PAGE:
Personally identifiable information (name, bank account, aadhaar number among others) has been leaked a number of times from government websites (“Details of over a million Aadhaar numbers published on Jharkhand govt website“) and from companies with Aadhaar-based eKYC (“Jio users’ names, email addresses & more leaked online, but it is in denial“).
Because these departments and companies have gotten this information from the UIDAI’s Aadhaar infrastructure, calls for de-linking Aadhaar from other customer accounts grow stronger with every leak. This is barking up the wrong tree:
1. In Reliance Jio’s case, the company (likely registered as a KYC User Agency, KUA) requested data from UIDAI’s Aadhaar database by sending it the customer’s Aadhaar number. The customer then signalled his/her assent by having a fingerprint scanned and sent to UIDAI, which verified it and then sent Jio the KYC data packet. This packet has the personally identifiable information in question – name, date of birth, gender, phone, email, address and photograph – which serves as proof of identity and address, and which has since been leaked. (see Aadhaar eKYC API 2.0 specification, PDF)
I don’t see why any company that registers itself as a KUA to perform an eKYC should receive this data about the customer. UIDAI ‘knows’ the customer, and Jio (or any other company performing eKYC) trusts UIDAI. The KUA gains nothing from keeping its own copy of the data other than automatically filling in its customer profile. KYC is completely different from customer signup; data from one shouldn’t be used for another. As a customer I may want to give such entities a different phone number or email address than the one on record with UIDAI (which is likely my private, primary one).
The Authentication API (which returns a yes/no answer to prove identity) can be extended for KYC purposes: for example, whether a customer is 18 and over – to sign up for a SIM card – is also a yes/no question that UIDAI can answer. Nothing is gained by sending the KUA the exact date of birth.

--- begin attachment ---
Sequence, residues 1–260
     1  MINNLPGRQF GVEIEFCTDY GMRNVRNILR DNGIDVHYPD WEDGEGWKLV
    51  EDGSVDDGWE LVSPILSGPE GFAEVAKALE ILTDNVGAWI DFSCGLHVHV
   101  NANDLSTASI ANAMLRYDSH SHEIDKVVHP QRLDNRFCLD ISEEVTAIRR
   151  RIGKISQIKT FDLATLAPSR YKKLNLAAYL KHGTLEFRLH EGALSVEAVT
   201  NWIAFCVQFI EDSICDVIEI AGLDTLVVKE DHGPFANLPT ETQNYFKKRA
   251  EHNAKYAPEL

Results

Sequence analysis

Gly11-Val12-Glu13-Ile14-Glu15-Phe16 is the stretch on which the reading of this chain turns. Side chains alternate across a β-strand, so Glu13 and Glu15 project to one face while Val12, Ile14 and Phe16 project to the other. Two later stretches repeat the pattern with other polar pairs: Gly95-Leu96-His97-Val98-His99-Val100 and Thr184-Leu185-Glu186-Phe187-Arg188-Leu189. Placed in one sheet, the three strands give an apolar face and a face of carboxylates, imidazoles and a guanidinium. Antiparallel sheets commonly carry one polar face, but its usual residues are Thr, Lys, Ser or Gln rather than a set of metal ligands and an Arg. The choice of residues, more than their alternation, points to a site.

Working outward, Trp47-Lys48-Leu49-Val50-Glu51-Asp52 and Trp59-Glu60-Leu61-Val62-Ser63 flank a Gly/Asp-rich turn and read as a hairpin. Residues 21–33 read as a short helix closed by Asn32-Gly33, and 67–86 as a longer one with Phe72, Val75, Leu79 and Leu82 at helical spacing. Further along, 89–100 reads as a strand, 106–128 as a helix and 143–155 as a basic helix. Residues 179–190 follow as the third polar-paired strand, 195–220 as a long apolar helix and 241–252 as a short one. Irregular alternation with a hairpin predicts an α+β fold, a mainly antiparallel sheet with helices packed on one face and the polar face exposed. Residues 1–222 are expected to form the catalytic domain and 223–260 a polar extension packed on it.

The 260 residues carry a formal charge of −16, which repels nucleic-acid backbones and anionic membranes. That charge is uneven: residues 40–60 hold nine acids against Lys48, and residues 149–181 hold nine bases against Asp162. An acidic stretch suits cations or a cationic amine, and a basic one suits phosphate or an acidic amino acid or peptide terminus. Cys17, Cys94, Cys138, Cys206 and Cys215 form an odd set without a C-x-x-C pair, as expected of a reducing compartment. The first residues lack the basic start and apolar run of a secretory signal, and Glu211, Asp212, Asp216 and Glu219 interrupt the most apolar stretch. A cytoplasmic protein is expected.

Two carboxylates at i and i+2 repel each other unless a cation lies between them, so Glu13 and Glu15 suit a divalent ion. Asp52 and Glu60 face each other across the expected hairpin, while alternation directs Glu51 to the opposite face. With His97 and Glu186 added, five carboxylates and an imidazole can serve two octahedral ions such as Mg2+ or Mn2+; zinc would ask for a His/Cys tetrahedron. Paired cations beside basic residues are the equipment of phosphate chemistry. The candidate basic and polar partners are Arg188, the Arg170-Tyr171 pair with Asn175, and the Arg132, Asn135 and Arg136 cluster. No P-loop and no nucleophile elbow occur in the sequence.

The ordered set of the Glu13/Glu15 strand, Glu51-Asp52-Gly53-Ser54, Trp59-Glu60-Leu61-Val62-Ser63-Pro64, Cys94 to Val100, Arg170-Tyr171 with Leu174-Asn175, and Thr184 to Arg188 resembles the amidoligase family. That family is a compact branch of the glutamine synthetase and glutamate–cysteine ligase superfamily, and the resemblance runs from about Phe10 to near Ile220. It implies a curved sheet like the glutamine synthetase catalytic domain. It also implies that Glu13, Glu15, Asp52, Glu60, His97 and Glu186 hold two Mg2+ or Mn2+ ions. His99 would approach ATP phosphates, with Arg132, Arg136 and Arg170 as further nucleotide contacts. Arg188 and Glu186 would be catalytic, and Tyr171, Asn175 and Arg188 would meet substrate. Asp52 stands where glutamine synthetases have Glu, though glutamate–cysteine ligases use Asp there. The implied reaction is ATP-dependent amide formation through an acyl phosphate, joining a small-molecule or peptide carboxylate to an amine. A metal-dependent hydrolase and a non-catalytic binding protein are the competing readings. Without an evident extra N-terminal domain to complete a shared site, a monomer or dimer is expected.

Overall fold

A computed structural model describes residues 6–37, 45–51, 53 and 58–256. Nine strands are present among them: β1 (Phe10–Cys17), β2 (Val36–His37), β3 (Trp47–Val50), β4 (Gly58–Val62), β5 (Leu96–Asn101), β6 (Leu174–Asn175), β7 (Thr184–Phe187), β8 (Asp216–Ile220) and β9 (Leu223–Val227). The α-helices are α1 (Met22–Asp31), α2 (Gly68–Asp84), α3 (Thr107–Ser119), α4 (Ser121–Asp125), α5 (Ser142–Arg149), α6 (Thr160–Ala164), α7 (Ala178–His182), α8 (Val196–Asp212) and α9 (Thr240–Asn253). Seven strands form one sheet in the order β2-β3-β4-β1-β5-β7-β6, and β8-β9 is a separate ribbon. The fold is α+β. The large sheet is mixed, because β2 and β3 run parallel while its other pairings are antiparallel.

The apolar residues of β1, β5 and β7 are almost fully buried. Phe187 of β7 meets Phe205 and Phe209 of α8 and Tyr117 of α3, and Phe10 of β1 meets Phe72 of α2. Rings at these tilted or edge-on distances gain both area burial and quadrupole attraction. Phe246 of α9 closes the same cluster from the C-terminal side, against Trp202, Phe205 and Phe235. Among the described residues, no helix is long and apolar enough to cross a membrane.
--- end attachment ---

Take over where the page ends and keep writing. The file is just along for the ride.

2. Even if the entity receives no personally identifiable information (PII) from UIDAI, it still has the customer’s Aadhaar number, linked to a customer profile. When that data is breached, the customer’s PII and Aadhaar number are now public. Ideally, that shouldn’t be a security risk; any transaction involving Aadhaar requires either an OTP to the registered mobile number or a biometric scan as authentication. Simply showing up with an Aadhaar card is no proof of identity, nor is it meant to be – that is why the Aadhaar card is printed on simple paper and not on a smart card with a PIN – it’s laughably easy to forge an Aadhaar card because possession means nothing.
It turns out though that this isn’t widely known or understood in India. Therefore an Aadhaar card’s treated just like a driver’s license or voter ID card or PAN card: if the photograph on the card matches the holder’s, it’s taken as proof. This – a fundamental misunderstanding of how Aadhaar’s designed to work – is why such a data leak is problematic.
It is this misunderstanding we should tackle, not the linking of Aadhaar to mobile number, bank and other accounts. There are tremendous benefits to having a ubiquitous national ID that is digitally – and only digitally – verifiable – just look at how efficient Estonia’s interfaces to government are; it was the first country to design and issue such digital national cards over a decade ago. Aadhaar’s design in many ways is superior to Estonia’s (which relies on a chip and PIN card). Let’s stop making Aadhaar the bogeyman and identify and resolve the actual problems of misunderstanding and misuse.